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From the pages of Velo: Is amnesty the answer?

  • By Mark Johnson
  • Published Oct. 22, 2012
Velo November 2012

The challenges ahead

In some respects, the UCI has slowed progress in pro cycling. Focusing on niggling issues like seat angles, accepting $125,000 gifts from the very Armstrong they are supposed to be governing, and demonizing partner agencies like WADA and USADA for doing their part to rid the sport of its scourge of needles, the Swiss-based UCI could, from certain perspectives, be seen as an impediment to the sport.

So, could the UCI, like Armstrong, have a place in a truth and reconciliation process? Looking to Mandela for guidance, the answer is yes. The UCI could reveal its own past just as President F.W. De Klerk and his apartheid government did by participating in the truth and reconciliation process.

Speaking of De Klerk, Mandela said, “He had the courage to admit that a terrible wrong had been done. He had the foresight to understand and accept that all the people of South Africa must, through negotiations and as equal participants in the process, together determine what they want to make of their future.”

The TRC is a good model for cycling to follow for several reasons. First, it had the powers of subpoena, search, and seizure. This allowed the commission to directly question witnesses who did not apply for amnesty or otherwise agree to testify before the commission.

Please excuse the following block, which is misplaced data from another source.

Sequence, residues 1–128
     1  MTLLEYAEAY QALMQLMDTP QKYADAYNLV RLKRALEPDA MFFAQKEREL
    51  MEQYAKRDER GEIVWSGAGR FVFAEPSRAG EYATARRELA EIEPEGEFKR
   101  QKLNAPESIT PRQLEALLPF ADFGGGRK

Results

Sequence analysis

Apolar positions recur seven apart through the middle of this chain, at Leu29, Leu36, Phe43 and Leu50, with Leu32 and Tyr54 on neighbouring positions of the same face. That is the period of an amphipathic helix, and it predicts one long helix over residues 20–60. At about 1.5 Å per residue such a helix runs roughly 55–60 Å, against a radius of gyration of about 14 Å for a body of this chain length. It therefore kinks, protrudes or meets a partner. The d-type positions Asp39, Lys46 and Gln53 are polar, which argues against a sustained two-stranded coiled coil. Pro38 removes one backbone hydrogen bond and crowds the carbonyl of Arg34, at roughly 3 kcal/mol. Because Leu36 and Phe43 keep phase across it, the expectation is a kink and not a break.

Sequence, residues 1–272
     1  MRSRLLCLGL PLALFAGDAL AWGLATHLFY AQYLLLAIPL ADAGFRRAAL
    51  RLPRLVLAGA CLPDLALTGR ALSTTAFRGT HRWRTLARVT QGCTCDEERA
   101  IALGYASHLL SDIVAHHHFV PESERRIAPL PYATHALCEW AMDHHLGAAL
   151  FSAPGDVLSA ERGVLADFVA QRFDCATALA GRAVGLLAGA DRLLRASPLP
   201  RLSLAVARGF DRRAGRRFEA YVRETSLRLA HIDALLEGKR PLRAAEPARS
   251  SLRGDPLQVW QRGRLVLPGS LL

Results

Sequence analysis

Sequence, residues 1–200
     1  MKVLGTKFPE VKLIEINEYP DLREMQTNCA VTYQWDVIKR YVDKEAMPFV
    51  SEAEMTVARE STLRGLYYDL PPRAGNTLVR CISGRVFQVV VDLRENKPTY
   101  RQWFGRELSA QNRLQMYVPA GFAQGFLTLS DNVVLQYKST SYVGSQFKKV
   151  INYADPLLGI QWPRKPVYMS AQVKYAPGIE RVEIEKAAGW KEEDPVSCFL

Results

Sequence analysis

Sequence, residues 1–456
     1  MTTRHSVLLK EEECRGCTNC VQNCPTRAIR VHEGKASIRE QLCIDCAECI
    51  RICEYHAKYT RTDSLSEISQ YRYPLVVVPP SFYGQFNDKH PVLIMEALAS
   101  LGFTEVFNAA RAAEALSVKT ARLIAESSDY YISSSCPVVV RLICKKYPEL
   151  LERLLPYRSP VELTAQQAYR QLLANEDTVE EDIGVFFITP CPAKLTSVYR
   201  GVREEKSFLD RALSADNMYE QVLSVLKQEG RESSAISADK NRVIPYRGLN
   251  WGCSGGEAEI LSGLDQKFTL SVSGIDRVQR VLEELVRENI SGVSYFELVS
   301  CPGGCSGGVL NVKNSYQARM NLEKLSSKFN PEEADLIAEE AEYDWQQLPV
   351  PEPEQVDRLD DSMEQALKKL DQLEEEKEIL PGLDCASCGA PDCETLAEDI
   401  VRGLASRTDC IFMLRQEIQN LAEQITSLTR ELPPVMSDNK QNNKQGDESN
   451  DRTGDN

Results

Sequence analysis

Judging from his history of shouting “witch hunt” when anyone pointed to an alternate explanation of the clean history he claims, it seems unlikely Armstrong would want to participate in a truth and reconciliation commission. But a commission with the muscle of subpoena power could compel the truth out of the erstwhile-Tour winner.

For those who would plead the Fifth, or refuse to testify, Tutu notes that “Many of them carry a burden of a guilt which would have been assuaged had they actively embraced the opportunities offered by the Commission; those who do not consciously acknowledge any sense of guilt are in a sense worse off than those who do.”

South Africa’s commission was also unique in that it held its hearings in public, often to a nation gripped by the images, words, and emotion flowing from their televisions.

As more people testified and witnessed others speaking the truth, the floodgates opened. Fear of retribution receded, a self-perpetuating cathartic effect took hold, and more than 22,000 people ultimately told their stories and some 6,000 applied for amnesty. This kind of public catharsis would have a powerful effect on the world of cycling.

Today in cycling, the truth is beginning to emerge; Museeuw, Jonathan Vaughters’ recent confessions, and Tyler Hamilton’s book The Secret Race come to mind. Yet, the great mass of pros that raced in the 1990s and 2000s still cower in silence. They are fearful of losing their jobs or coming under the crushing assault of attorneys — or going to jail in nations such as France or Italy, where doping is a felony.